Generally, with regard to musculoskeletal conditions, Social Security states, “Regardless of the cause of a musculoskeletal impairment, functional loss for purposes of these listings is defined as the inability to ambulate effectively on a sustained basis for any reason, including pain associated with the underlying musculoskeletal impairment, or the inability to perform fine and gross movements effectively on a sustained basis for any reason, including pain associated with the underlying musculoskeletal impairment.”
People with degenerative osteoarthritis qualify if they have significant limitations while using hands or arms, or while standing or walking. People with back or neck osteoarthritis must have persistent sensory, reflex, and motor loss as well.
For more information about qualifying for disability benefits for osteoarthritis, consult a support group for patients and see if they have any professional resources available to you or members who’ve successfully completed the disability process.
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What Medical Conditions Qualify For Disability Benefits
Any medical condition can qualify for disability benefits. Generally speaking, most disability benefits programs in Canada do not give benefits based on a medical diagnosis. Rather, they provide benefits based on the level of disability caused by the medical condition. So the focus will always be on the level of disability caused by your medical condition, rather than only the name of your medical condition or diagnosis. To qualify for benefits, you must show that the level of disability from your medical condition meets the eligibility criteria of the disability benefits plan in question.
Following is a list of common medical conditions that qualify for disability benefits. For each of these conditions we discuss the unique challenges you will face.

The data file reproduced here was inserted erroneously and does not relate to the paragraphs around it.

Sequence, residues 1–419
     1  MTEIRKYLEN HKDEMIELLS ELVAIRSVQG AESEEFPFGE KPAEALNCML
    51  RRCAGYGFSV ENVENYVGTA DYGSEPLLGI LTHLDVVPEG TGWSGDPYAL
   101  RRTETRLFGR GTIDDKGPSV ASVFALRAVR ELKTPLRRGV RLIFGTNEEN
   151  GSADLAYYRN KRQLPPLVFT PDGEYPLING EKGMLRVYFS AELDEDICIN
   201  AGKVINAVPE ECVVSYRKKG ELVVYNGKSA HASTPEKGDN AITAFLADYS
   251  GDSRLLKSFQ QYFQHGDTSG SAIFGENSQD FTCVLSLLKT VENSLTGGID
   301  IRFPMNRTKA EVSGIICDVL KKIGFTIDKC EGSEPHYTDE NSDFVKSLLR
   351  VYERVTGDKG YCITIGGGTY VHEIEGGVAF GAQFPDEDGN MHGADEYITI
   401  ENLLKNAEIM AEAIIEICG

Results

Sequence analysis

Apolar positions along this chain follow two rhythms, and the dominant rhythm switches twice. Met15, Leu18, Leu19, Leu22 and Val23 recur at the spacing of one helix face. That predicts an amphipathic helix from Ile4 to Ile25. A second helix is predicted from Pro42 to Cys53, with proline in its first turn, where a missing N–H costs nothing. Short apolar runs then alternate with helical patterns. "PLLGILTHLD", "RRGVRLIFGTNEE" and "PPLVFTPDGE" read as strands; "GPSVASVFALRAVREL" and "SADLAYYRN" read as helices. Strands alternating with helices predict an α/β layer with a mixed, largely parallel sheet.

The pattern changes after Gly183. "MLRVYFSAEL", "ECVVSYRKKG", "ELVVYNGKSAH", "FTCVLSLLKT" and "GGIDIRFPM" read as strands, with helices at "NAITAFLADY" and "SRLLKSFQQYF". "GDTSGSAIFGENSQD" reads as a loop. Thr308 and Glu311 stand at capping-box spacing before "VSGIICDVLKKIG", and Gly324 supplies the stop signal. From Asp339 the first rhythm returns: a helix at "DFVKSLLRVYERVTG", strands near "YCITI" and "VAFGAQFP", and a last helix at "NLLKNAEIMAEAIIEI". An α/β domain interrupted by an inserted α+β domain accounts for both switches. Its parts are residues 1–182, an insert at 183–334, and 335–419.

Does Arthritis Qualify You For Social Security Disability
Many workers experience painful health problems that make it extremely difficult for them to hold down a full-time job. When the condition is serious enough to prevent them from working, they may be eligible to apply for Social Security Disability benefits. These benefits are provided by the Social Security Administration to workers suffering from certain injuries and illnesses that have been recognized as disabling.
While many may focus on serious illnesses such as cancer or heart disease when they think of disabilities, people may not know that arthritis is the most common cause of disability. According to the Centers for Disease Control, arthritis impacts roughly 50 million adults. The National Health Interview Survey determined that those with arthritis frequently show limitations in their ability to perform tasks at work.
However, this does not necessarily mean an individual will be eligible to receive SSD benefits. The SSA will only permit benefits if an individual is disabled and can meet the criteria established by the agency.
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Does Arthritis Qualify Me For Disability Benefits
Arthritis is included in the Social Security Administrations Blue Book listing of disabling conditions, and is addressed mostly in Section 1 under paragraph 1.02 ), and paragraph 1.04 . Many other types of arthritis are listed in Section 14 under paragraph 14.09 . You do not necessarily need to meet a listed impairment in order to be approved for benefits, though.
Simply being diagnosed with arthritis, by itself, will often not qualify you for disability benefits, unless it is severe enough, which the SSA will decide by looking at your medical records and other evidence. Because, at the end of the day, what the SSA generally cares about most is whether or not your arthritis meets certain requirements, including:
- That it rises to the level of a severe impairment, meaning it impacts your ability to do work
- That it, combined with any other impairments you may have, prevent you from sustaining work
- That it has affected you, or is expected to affect you, for at least one year .
If that is the case, then you may very well qualify for monthly disability benefits.